We present the most significant measurement of the cosmic microwave background (CMB) lensing potential to date (at a level of 40 sigma), using temperature and polarization data from the Planck 2015 full-mission release. Using a polarization-only estimator we detect lensing at a significance of 5 sigma. We cross-check the accuracy of our measurement using the wide frequency coverage and complementarity of the temperature and polarization measurements. Public products based on this measurement include an estimate of the lensing potential over approximately 70% of the sky, an estimate of the lensing potential power spectrum in bandpowers for the multipole range 40
Planck 2015 results: XV. Gravitational lensing
DEFF Research Database (Denmark)
Ade, P. A R; Aghanim, N.; Arnaud, M.;
2016-01-01
We present the most significant measurement of the cosmic microwave background (CMB) lensing potential to date (at a level of 40σ), using temperature and polarization data from the Planck 2015 full-mission release. Using a polarization-only estimator, we detect lensing at a significance of 5σ. We...
How accurate are the time delay estimates in gravitational lensing?
Cuevas-Tello, J C; Tino, P; Cuevas-Tello, Juan C.; Raychaudhury, Somak; Tino, Peter
2006-01-01
We present a novel approach to estimate the time delay between light curves of multiple images in a gravitationally lensed system, based on Kernel methods in the context of machine learning. We perform various experiments with artificially generated irregularly-sampled data sets to study the effect of the various levels of noise and the presence of gaps of various size in the monitoring data. We compare the performance of our method with various other popular methods of estimating the time delay and conclude, from experiments with artificial data, that our method is least vulnerable to missing data and irregular sampling, within reasonable bounds of Gaussian noise. Thereafter, we use our method to determine the time delays between the two images of quasar Q0957+561 from radio monitoring data at 4 cm and 6 cm, and conclude that if only the observations at epochs common to both wavelengths are used, the time delay gives consistent estimates, which can be combined to yield 408\\pm 12 days. The full 6 cm dataset, ...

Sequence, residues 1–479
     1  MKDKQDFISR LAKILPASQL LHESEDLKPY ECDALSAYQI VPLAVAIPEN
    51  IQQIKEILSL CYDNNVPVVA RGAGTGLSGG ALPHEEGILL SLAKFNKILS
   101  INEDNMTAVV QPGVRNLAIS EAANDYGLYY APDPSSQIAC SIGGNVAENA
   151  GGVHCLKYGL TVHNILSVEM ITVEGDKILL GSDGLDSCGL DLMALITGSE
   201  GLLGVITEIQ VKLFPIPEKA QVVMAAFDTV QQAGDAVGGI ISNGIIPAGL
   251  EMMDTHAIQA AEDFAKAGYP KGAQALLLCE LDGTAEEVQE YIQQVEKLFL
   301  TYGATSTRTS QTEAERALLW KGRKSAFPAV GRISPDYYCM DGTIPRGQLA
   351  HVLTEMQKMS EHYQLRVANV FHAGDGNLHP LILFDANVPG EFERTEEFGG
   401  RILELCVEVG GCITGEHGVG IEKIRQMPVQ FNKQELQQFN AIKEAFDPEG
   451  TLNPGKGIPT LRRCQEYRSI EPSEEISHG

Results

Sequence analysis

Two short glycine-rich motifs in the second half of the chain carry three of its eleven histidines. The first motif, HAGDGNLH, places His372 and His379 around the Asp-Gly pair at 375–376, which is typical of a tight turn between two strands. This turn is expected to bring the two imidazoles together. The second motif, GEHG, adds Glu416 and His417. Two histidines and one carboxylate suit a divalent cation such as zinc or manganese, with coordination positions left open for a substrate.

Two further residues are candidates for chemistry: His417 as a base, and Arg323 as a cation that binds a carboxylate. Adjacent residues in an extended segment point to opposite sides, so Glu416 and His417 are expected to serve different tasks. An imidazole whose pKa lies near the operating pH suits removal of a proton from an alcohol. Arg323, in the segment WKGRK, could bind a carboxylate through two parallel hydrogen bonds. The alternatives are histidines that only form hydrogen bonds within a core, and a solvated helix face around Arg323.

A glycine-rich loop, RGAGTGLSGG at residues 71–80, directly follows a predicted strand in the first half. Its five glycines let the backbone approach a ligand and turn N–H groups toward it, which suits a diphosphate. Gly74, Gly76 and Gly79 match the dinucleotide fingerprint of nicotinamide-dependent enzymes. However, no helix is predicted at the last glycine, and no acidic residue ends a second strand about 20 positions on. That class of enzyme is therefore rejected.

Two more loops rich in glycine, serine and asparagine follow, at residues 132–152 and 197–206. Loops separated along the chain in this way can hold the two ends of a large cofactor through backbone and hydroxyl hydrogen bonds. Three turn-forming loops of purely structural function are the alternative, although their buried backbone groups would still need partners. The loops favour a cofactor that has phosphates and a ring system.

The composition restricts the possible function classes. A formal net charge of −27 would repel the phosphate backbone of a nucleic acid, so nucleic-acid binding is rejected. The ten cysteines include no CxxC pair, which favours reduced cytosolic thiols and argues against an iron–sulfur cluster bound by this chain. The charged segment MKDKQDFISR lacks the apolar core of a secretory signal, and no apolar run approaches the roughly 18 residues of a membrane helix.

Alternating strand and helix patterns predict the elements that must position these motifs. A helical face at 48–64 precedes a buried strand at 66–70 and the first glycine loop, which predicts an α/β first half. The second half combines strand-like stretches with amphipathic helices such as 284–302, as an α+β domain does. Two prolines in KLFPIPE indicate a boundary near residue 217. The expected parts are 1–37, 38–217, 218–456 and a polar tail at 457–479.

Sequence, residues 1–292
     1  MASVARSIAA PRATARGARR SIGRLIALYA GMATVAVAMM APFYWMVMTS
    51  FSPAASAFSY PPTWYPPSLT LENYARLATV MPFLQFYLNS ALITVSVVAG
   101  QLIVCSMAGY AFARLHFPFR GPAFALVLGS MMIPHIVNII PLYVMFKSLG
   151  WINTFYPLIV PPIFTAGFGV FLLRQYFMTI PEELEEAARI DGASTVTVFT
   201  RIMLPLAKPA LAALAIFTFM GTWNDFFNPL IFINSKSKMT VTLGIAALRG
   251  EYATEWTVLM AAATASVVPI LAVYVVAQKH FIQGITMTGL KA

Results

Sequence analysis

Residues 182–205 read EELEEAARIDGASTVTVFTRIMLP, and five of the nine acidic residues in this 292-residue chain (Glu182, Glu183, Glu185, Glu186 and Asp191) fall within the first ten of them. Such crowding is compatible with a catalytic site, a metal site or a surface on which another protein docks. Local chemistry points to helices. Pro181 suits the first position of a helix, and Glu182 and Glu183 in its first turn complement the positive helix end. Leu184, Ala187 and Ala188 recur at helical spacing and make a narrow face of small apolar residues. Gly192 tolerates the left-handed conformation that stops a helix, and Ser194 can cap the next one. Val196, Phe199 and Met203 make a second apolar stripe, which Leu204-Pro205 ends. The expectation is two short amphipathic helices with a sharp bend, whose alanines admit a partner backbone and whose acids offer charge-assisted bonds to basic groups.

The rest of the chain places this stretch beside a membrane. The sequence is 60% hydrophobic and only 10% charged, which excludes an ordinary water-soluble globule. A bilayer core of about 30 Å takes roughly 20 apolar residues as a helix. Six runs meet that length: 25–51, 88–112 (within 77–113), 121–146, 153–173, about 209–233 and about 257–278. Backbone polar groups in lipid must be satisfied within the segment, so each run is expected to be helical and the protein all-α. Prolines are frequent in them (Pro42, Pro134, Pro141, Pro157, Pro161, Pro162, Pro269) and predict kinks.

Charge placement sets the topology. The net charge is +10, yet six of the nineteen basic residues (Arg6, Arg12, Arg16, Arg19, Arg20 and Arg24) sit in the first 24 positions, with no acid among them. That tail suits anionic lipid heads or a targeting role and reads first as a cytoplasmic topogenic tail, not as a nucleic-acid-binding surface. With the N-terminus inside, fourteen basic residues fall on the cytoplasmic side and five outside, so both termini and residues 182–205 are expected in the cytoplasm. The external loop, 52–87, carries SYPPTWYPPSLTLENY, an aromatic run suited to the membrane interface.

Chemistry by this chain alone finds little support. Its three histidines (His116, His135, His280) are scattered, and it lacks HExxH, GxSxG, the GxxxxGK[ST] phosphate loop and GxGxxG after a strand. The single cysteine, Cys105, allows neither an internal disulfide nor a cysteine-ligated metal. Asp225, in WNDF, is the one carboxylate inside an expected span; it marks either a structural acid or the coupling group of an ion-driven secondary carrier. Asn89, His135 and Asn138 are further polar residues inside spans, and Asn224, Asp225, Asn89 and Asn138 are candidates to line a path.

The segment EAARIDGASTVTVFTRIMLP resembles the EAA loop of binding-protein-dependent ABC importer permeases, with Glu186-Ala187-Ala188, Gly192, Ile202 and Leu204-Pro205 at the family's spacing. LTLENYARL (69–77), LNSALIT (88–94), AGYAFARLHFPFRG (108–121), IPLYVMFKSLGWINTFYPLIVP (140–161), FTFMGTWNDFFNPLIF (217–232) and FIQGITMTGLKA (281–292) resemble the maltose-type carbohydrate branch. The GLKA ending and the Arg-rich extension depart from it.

Planck 2015 results. XV. Gravitational lensing